I would recommend any of The Books’ music, but a fair example of what I have explained may be in their song “Take Time”. One of my all time favorites is “Smells Like Content”.

So, I hiked to the top of a mountain.

I was waiting in the studio for somebody to come to my Sunday vinyasa class. I felt a surge of energy flow through me as my music picked up it’s rhythm and I moved through some poses that felt good for my post hill run from the day before. I burned some palo santo after the clock showed that it was 10 past class time. I was going to meet up with my friend once class was over so that we could drive to the Olympic mountains, but it was obviously too early for her to pick me up, so I locked up and ordered some chai next door. I took my drink and walked down to the dock to sit in the sun, eat my lunch, and wait.

Everything was so blue: the sky, the water, my sweater, my ring. I closed my eyes and heard the seagulls, heard children laughing and screaming on the playground. People passed back and forth on the old wooden planks. Children went running towards the playground once they saw it. I thought about how pleasant it is that playgrounds allow children to amuse themselves with what is already there, without rules, letting their imagination take over.

The sun was warm, the air was cool. I sighed a satisfied sigh and noticed how it sounded like “home” and how “om” also sounds like “home”. Both sounds representing states of being connected with all that is, being content, being at home.

I noticed that the longer I sat in one place, the more satisfied and loving I felt. Everything continues, there is stillness in the movement. Everything is okay.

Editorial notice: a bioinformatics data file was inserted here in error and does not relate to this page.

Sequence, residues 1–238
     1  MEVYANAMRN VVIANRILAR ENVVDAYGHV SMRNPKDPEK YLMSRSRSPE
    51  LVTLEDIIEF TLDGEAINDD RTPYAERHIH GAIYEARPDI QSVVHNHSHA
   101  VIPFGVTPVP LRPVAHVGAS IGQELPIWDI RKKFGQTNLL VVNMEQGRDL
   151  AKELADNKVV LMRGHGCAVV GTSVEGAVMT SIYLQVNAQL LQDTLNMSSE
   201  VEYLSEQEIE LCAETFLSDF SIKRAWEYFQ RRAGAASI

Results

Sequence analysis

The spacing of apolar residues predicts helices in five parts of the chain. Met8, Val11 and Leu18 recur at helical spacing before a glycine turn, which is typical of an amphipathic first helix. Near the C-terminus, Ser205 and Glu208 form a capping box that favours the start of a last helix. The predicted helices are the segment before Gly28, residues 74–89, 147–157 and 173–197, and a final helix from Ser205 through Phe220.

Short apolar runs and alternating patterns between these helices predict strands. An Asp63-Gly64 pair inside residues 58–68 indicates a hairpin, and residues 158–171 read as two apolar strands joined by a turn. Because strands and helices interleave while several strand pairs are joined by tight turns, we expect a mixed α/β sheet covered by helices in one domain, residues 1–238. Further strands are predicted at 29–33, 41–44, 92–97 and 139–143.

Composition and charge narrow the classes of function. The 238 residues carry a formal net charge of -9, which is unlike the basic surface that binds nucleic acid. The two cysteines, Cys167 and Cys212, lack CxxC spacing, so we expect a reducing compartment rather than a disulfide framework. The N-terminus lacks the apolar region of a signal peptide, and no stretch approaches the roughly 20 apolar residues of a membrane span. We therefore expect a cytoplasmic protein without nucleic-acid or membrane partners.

Once my friend showed up, we exchanged smiles and hugs and were soon on our way to the mountains, particularly to Mount Ellinor. I navigated. We grew increasingly excited the closer the mountains became. After making our way off the highway, we were on 7 miles of gravelly, windy, pothole-ridden  road. We finally made our way to the parking lot and prepared for our hike: sunscreen, hat, bathroom, water. This hike was only 1.6 miles to the summit, but a 2500 ft elevation gain. The first five minutes were some of the easiest, which is saying something, being that it was all uphill and I was already short of breath. My friend brought her dog, like many of our fellow hikers, which I feel helps people to continue being motivated.

This hike required a lot of concentration, lots of tactical foot movement. My quads were feeling it. The higher we got, the more the trees cleared and the rocks became less slippery and more sharp. The view also got more impressive. Once we got up a rocky staircase, to a part that was only about 10 minutes from the summit, we could start seeing the rest of the Olympics. Finally, we made it to the tippity top. We could see Mount Rainier, Mt. Adams, Mt. St. Helens, the rest of the Olympics, Seattle, and even a shining sliver of the ocean on the horizon! I was surprised to see a tiny finch-like bird flitting around the rocks at the top.

Whenever I’m out in nature, I’m reminded of my own simple truth. I am always here, in my body, like a single tree in a forest. Things are constantly changing around me. I may adapt, change, and grow with time, but I am always here, existing.

I am honored to be a yoga teacher. I am simply reminding people of these tools that are our bodies, our basic foundation, and how connecting back to what is can bring peace to our racing minds.